Summary: Usability inspection is the generic name for a set of methods that are all based on having evaluators inspect a user interface. Typically, usability inspection is aimed at finding usability problems in the design, though some methods also address issues like the severity of the usability problems and the overall usability of an entire system. Many inspection methods lend themselves to the inspection of user interface specifications that have not necessarily been implemented yet, meaning that inspection can be performed early in the usability engineering lifecycle.
For more information, see the chapters on each of the methods in the book Usability Inspection Methods (John Wiley & Sons).
- Heuristic evaluation is the most informal method and involves having usability specialists judge whether each dialogue element follows established usability principles (the "heuristics").
- Heuristic estimation is a variant in which the inspectors are asked to estimate the relative usability of two (or more) designs in quantitative terms (typically expected user performance).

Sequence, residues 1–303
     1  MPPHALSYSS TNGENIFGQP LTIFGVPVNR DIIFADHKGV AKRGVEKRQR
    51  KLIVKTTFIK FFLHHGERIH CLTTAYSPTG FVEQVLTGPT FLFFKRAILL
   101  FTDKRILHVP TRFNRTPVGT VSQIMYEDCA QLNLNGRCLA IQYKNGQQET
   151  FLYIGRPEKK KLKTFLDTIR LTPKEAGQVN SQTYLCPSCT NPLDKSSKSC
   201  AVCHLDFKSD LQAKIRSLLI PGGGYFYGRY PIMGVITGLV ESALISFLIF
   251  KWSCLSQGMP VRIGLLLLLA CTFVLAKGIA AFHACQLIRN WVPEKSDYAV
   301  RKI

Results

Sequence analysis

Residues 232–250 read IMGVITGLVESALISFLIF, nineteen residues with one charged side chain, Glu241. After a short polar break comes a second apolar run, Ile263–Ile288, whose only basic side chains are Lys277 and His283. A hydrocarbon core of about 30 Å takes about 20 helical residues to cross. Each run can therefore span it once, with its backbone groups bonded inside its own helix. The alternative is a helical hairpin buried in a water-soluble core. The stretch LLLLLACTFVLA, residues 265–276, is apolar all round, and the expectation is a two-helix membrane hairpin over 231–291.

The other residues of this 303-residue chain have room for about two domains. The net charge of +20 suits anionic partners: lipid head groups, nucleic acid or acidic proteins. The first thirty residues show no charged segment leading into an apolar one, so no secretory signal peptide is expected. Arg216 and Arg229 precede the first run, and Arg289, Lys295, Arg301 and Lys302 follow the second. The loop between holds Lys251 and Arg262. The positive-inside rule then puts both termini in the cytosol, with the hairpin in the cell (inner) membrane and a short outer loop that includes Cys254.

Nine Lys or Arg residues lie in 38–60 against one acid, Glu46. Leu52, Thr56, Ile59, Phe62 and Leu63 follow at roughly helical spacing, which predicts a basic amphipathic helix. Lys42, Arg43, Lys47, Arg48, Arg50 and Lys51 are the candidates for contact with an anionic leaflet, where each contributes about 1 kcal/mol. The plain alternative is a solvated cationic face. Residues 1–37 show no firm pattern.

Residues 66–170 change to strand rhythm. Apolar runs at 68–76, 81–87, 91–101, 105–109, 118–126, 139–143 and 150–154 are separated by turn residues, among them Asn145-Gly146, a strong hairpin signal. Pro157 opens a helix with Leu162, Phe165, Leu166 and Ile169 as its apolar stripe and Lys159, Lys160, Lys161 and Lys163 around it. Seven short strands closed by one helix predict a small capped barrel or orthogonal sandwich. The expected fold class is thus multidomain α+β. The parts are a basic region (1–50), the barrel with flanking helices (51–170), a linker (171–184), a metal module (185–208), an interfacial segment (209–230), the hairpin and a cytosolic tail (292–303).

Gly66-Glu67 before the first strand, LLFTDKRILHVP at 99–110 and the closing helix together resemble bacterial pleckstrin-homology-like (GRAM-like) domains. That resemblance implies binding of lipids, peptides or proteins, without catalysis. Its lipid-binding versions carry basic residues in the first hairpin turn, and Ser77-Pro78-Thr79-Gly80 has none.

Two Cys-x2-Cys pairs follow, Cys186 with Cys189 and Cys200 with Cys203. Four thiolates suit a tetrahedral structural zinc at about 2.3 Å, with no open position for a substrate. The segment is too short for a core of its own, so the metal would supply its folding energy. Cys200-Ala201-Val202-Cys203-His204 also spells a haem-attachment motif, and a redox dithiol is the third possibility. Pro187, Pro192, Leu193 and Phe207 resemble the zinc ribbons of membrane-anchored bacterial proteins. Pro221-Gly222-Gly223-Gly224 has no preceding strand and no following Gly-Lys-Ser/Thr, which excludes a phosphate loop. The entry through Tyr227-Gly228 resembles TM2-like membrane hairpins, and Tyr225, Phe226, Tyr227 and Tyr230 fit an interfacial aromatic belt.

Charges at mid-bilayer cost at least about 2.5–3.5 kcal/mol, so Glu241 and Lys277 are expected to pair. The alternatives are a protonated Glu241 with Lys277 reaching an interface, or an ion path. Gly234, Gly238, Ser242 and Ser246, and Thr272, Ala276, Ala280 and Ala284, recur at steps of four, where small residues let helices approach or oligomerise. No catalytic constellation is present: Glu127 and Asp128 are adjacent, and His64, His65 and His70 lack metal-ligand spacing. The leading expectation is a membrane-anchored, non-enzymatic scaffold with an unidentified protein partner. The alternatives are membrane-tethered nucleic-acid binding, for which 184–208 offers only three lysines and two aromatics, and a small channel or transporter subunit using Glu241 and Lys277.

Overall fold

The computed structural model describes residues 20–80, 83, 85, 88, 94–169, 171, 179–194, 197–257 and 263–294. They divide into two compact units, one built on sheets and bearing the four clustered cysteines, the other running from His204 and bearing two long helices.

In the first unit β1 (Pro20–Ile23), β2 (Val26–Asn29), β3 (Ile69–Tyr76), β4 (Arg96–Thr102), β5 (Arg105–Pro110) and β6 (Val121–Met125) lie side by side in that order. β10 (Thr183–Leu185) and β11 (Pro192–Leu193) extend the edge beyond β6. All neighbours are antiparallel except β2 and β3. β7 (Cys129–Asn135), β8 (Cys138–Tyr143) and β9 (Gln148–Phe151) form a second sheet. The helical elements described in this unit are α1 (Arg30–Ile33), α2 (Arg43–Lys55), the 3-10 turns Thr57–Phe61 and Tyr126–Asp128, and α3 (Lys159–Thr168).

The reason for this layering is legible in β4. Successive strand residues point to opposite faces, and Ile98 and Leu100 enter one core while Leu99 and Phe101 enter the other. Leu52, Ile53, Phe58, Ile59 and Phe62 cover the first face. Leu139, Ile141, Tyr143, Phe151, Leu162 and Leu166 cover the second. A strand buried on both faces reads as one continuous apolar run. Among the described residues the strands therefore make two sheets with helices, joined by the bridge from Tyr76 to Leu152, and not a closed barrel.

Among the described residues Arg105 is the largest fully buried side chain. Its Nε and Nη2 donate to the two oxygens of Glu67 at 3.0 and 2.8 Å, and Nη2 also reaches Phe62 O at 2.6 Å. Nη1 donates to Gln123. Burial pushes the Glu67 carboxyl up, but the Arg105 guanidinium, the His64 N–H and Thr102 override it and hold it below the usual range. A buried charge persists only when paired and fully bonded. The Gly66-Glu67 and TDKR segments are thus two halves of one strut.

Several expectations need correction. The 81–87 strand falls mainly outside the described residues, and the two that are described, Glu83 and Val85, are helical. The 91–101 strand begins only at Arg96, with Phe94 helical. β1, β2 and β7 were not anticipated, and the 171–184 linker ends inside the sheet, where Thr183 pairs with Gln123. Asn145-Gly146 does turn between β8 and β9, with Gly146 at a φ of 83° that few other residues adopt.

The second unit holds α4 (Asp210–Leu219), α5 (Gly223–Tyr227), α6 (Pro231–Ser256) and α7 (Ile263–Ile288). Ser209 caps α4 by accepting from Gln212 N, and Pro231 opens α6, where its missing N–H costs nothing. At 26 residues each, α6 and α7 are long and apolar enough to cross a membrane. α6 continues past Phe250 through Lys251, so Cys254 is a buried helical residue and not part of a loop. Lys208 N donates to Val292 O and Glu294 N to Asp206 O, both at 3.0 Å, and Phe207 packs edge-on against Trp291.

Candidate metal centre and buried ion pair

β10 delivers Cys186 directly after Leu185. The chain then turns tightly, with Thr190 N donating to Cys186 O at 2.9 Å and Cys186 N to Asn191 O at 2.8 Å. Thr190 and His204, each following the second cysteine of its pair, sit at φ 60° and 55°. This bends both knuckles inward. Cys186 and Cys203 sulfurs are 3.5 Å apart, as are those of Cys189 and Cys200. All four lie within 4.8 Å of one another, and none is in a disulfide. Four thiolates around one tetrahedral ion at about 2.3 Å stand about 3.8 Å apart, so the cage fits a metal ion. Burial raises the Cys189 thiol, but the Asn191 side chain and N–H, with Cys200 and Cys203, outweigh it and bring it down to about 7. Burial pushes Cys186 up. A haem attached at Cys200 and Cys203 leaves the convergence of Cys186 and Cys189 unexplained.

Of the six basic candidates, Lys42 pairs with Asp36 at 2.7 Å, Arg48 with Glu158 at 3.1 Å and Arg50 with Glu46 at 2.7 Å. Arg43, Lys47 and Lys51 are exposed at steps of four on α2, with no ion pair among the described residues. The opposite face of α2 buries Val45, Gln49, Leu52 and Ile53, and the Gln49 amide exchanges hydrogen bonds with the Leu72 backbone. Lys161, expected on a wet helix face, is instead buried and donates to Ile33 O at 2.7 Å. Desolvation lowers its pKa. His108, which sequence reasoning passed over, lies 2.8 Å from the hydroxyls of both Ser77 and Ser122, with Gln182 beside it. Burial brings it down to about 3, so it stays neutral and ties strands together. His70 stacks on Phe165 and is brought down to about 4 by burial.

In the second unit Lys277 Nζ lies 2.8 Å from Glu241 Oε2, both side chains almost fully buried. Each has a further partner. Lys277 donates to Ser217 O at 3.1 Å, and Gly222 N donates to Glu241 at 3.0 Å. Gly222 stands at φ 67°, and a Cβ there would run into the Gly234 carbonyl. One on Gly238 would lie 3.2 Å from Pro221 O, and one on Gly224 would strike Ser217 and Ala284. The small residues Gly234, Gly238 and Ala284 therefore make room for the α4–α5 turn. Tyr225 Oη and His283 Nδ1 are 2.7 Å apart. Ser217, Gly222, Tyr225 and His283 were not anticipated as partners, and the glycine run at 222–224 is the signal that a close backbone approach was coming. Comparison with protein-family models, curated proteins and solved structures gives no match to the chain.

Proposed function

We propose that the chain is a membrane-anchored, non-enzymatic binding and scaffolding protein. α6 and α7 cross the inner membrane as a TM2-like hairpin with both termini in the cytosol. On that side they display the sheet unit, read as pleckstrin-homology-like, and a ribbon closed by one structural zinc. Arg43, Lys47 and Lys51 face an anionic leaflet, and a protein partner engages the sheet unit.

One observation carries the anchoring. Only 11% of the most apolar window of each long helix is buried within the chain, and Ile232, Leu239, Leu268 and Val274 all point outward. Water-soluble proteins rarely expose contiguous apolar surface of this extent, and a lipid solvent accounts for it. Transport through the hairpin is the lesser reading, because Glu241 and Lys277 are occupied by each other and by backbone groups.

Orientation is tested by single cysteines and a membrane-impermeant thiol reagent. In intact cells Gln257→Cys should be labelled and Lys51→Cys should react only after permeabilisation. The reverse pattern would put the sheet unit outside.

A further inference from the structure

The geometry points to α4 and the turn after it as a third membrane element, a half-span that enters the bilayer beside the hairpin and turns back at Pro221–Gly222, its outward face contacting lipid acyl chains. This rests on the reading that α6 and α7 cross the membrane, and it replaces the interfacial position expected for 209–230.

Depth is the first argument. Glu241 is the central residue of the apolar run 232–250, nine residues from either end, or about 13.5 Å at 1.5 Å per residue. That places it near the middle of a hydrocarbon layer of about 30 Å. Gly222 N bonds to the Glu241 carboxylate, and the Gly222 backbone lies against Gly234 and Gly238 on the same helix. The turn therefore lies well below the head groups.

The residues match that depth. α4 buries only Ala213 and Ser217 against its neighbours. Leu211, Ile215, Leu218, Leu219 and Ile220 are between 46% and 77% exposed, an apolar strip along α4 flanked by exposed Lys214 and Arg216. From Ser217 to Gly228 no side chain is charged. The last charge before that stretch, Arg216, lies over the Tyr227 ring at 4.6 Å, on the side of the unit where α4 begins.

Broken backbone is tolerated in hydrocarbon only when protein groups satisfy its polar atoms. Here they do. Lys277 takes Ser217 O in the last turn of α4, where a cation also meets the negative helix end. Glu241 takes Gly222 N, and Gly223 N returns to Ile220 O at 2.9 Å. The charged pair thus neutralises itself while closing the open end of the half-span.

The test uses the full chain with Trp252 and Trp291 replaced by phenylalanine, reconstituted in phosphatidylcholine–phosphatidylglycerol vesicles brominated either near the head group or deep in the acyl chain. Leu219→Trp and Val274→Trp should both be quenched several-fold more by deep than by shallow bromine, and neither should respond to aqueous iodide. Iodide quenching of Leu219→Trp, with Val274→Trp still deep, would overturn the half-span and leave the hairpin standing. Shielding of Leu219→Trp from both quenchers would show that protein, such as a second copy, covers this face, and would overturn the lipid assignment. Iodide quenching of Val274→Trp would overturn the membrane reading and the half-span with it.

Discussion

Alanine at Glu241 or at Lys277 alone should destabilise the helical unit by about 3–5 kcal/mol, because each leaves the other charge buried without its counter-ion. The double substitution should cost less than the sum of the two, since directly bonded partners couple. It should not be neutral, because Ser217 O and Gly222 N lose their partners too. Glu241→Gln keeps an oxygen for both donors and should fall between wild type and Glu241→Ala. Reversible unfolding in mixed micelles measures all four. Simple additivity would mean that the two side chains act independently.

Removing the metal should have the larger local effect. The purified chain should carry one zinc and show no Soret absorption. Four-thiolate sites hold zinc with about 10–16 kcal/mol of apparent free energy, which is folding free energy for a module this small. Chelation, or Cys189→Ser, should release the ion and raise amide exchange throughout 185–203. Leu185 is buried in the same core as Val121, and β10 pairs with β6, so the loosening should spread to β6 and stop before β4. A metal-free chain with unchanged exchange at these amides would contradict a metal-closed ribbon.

- Cognitive walkthrough uses a more explicitly detailed procedure to simulate a user's problem-solving process at each step through the dialogue, checking if the simulated user's goals and memory content can be assumed to lead to the next correct action.
- Pluralistic walkthrough uses group meetings where users, developers, and human factors people step through a scenario, discussing each dialogue element.
- Feature inspection lists sequences of features used to accomplish typical tasks, checks for long sequences, cumbersome steps, steps that would not be natural for users to try, and steps that require extensive knowledge/experience in order to assess a proposed feature set.
- Consistency inspection has designers who represent multiple other projects inspect an interface to see whether it does things in the same way as their own designs.
- Standards inspection has an expert on an interface standard inspect the interface for compliance.
- Formal usability inspection combines individual and group inspections in a six-step procedure with strictly defined roles to with elements of both heuristic evaluation and a simplified form of cognitive walkthroughs.
Heuristic evaluation, heuristic estimation, cognitive walkthrough, feature inspection, and standards inspection normally have the interface inspected by a single evaluator at a time (though heuristic evaluation is based on combining inspection reports from a set of independent evaluators to form the list of usability problems and heuristic estimation involves computing the mean of the individual estimates). In contrast, pluralistic walkthrough and consistency inspection are group inspection methods. Many usability inspection methods are so easy to apply that it is possible to have regular developers serve as evaluators, though better results are normally achieved when using usability specialists